For some definitions of the term “net neutrality,” such a move by news providers would be a violation of net neutrality. Other definitions of the term would place this behavior outside of its scope. But no matter how you look at it, the substance of such a move would be troubling: it would amount to removing these great sources of journalism from the Internet proper, and placing them instead in a kind of walled garden. If that trend took off and became very widespread, it could amount to a return to the bad old days of walled garden services like AOL and Prodigy.

A second good argument that this situation would be undesirable is that it would force all users of a particular ISP to pay for content that only some users want to access. There’s a sense in which such cross-subsidies are already the norm: those who use their ISP subscriptions for email and web browsing subsidize the heavier network usage of video aficionados and other leading-edge consumers who are way out on the tail and use the lion’s share of the bandwidth. But this, in its deliberateness, would be a new and different level.

A third good argument against this idea is that it would introduce awkward relationships between news outlets and ISPs, in a manner that would impair news coverage of the Internet and telecommunications industries.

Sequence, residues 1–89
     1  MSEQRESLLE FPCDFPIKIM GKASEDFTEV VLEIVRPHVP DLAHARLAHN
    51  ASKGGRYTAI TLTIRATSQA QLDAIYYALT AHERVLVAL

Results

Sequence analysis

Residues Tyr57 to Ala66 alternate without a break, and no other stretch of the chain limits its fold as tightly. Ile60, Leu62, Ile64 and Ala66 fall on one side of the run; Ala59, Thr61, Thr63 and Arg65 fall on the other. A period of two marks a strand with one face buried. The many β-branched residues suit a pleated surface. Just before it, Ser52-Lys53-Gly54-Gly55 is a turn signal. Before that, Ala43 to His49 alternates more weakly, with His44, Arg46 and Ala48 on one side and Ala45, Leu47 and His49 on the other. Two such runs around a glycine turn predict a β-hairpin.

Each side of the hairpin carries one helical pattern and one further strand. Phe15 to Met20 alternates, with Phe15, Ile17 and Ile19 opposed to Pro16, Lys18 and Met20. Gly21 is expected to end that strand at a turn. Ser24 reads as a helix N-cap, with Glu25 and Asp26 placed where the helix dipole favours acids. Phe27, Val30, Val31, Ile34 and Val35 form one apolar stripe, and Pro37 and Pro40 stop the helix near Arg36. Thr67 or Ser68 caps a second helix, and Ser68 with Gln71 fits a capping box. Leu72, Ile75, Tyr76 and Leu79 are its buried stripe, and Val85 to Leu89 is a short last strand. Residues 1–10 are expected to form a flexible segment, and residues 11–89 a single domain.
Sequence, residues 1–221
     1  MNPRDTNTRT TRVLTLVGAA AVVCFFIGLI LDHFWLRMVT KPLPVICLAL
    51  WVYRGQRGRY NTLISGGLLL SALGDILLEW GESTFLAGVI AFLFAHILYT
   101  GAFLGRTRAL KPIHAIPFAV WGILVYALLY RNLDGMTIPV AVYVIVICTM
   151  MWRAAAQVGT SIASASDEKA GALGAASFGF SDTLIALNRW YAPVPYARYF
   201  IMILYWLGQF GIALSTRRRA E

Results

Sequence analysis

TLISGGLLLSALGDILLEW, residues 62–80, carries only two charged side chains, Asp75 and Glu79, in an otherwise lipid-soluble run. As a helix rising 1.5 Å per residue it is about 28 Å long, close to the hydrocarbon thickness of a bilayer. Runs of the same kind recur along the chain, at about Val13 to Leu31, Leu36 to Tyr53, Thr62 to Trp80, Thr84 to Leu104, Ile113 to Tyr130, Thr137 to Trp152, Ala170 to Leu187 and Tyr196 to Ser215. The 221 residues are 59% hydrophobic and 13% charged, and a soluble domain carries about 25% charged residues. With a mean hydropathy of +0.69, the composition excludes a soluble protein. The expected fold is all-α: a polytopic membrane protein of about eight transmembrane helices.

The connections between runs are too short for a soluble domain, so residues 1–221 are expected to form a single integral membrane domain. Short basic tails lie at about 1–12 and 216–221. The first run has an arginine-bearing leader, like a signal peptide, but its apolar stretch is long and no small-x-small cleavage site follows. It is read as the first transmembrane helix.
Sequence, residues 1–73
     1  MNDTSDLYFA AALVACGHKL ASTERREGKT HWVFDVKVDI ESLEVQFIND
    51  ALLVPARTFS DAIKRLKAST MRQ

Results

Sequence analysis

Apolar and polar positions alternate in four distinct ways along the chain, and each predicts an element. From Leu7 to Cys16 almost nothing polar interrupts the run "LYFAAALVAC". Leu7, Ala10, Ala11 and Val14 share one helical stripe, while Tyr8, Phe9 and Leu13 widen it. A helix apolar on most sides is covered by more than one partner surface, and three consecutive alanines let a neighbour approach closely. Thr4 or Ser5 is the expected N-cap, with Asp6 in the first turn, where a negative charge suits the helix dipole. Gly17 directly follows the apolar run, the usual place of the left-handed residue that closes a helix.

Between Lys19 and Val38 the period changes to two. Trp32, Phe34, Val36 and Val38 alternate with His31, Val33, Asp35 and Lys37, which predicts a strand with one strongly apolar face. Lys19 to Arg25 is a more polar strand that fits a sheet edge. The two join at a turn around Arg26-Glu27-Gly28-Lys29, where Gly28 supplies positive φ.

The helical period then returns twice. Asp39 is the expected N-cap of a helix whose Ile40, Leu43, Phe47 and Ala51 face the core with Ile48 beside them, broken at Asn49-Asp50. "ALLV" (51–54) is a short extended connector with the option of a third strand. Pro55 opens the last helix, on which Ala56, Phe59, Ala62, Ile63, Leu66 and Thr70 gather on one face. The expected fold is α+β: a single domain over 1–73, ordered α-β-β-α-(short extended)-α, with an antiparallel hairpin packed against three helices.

Fourthly, there’s the possibility that people will pirate the blocked content systematically by using systems like TOR to access the news content via approved endpoints. (My own thought is that this probably isn’t the strongest argument, since many users are uninterested in this sort of maneuver or even the easy Firefox plugin that would likely arise to enable it. Plus, the content syndicate would pool its resources toward aggressive litigation to stem this trend. Plus, the payments would be extracted from law abiding ISPs, not individual users.)

I can imagine a potentially compelling case being made that such behavior by content providers should be regulated or outlawed. But today I think it is neither. And given the news industry’s desperation, the fact that such a move would be unpopular could turn out to be moot if they can persuade ISPs to pay. If someone capable and hardworking set out to sell the idea to a group of newspaper and newsmagazine publishers, I fear they might prove quite persuasive.

2007 Predictions Scorecard

As usual, we’ll start the new year by reviewing the predictions we made for the previous year. Here now, our 2007 predictions, in italics, with hindsight in ordinary type.

(1) DRM technology will still fail to prevent widespread infringement. In a related development, pigs will still fail to fly.

We predict this every year, and it’s always right. This prediction is so obvious that it’s almost unfair to count it. Verdict: right.

(2) An easy tool for cloning MySpace pages will show up, and young users will educate each other loudly about the evils of plagiarism.